In her last days, grandmother forgot everyone around, sons and daughters alike. Two days before she passed, she had stared hard at two of her daughters—my mother and her eldest sister—sitting by the bed, in a room that smelt strongly of age. She marveled over their resemblance and asked them if they were twins. A child-like curiosity and something like warmth shimmered in her eyes then. Where did grandmother begin? Where did she, my mother, and I? And, hell, what do I pass on to my child?
I don’t know what happened to grandmother’s ledgers. Would I know what to do with my mother’s things when the time comes? These days, mother scans obituary columns to locate familiar faces. I skip that page. She has already given me specific instructions on how she should look dead, this sari to shroud her body, that way to tie her hair which should never be left in a knot over the crown the way they usually do after bathing the dead. I listen. I fidget. I think of something else to think about.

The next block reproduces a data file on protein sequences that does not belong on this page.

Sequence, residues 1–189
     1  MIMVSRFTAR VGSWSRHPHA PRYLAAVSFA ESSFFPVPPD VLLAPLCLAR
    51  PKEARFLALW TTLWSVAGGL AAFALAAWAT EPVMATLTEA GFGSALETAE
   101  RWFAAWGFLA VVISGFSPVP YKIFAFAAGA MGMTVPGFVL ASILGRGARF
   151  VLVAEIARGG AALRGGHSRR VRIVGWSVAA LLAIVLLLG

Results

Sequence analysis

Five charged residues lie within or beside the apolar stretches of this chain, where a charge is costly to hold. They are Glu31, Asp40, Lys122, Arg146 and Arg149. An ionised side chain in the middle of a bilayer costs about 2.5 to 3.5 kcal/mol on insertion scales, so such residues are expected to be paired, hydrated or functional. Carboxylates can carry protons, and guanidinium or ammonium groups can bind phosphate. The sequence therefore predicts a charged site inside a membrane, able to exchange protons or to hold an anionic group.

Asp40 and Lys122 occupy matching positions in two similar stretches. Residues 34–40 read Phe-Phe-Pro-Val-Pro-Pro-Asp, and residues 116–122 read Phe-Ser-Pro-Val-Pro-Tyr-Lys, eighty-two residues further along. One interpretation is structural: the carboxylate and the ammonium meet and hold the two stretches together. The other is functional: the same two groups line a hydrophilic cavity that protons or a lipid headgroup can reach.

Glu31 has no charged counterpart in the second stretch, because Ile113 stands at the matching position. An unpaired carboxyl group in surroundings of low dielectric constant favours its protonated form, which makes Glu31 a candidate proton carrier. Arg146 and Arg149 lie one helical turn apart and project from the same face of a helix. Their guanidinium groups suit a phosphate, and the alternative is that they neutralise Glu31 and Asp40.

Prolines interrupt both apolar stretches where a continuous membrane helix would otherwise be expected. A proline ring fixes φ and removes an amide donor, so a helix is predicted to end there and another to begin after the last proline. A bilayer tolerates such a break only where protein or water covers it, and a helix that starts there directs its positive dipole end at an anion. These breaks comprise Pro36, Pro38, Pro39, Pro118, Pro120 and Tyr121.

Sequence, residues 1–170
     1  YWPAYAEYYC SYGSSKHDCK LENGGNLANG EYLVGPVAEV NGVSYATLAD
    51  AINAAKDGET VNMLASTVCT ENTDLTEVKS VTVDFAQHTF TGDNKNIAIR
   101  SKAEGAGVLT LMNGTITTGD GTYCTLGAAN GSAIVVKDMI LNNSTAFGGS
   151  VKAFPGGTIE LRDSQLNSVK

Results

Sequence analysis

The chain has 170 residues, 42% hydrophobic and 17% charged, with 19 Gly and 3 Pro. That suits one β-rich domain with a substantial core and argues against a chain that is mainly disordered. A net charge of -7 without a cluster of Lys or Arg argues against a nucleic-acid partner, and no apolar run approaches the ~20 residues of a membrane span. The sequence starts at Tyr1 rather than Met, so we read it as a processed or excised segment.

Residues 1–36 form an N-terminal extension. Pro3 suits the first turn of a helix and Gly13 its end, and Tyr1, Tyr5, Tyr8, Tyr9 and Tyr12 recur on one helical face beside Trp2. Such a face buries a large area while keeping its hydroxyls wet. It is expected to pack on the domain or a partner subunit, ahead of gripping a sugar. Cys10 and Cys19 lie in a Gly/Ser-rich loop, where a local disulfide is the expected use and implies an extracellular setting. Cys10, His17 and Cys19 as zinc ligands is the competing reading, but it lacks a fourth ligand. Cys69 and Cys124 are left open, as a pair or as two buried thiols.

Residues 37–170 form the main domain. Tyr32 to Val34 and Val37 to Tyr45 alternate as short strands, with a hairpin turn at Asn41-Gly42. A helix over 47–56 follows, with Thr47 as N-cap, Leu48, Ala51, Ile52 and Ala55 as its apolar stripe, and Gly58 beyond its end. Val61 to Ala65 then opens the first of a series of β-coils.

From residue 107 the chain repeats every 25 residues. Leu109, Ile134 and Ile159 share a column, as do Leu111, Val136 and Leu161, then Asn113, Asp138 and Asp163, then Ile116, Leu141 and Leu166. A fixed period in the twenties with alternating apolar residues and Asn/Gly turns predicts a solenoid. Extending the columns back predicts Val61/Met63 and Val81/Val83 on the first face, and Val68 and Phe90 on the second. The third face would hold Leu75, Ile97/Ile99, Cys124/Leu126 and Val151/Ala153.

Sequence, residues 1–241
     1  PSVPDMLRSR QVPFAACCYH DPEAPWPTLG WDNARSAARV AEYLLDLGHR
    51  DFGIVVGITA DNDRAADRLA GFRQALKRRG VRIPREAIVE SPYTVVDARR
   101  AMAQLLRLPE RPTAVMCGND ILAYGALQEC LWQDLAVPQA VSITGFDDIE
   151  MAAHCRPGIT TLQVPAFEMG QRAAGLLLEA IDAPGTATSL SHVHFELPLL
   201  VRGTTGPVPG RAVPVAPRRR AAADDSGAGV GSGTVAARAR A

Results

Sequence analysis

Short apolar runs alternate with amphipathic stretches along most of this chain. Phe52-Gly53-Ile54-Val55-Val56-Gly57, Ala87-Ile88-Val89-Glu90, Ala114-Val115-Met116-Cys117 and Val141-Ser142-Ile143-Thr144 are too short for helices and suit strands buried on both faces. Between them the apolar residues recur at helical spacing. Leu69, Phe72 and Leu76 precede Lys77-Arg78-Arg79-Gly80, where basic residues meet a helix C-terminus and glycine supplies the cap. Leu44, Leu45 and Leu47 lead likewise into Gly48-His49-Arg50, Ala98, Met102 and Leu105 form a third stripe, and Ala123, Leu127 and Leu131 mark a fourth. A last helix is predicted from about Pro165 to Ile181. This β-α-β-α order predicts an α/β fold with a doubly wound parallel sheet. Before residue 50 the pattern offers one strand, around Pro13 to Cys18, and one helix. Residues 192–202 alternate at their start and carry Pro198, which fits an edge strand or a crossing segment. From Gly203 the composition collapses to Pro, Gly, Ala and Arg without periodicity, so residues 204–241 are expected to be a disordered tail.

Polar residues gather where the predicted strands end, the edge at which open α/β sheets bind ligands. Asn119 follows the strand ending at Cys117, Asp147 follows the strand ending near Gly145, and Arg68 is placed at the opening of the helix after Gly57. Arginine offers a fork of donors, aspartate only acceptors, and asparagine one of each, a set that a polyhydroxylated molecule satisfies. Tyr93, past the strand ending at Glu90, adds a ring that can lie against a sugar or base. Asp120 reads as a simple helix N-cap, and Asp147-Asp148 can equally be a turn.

But what can be something else, when I become me through you? Where is that place called, Elsewhere, when everything is already on a roll? I squint at my gangly toes and see them curving like her arthritic ones. Didn’t I learn to look at things watching her, listening to her shape-shifting stories? I cut open a pomegranate fruit and see moulted skin within, or a beehive. Spiders lurk and mate, leaving ghost frames behind pictures she nailed to my walls. Mother, somewhere they have declared a dying lake, a person. Something swims under its ruffled surface. Somewhere else, a long extinct member of a species, an ‘aldabra’, has come back to life. It flaps its wings. Mother, my other, I cannot erase your dance from frames within. Even with my bluest crayon. Or so I think.
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Priya lives in Bangalore. She likes collecting random information which might have no significance in the scheme of things and has a penchant for ruins, anachronisms, and misplaced objects. When not lost in such fancies, she types. Her first book is forthcoming from Samyukta India Press. Read the author’s commentary on her essay.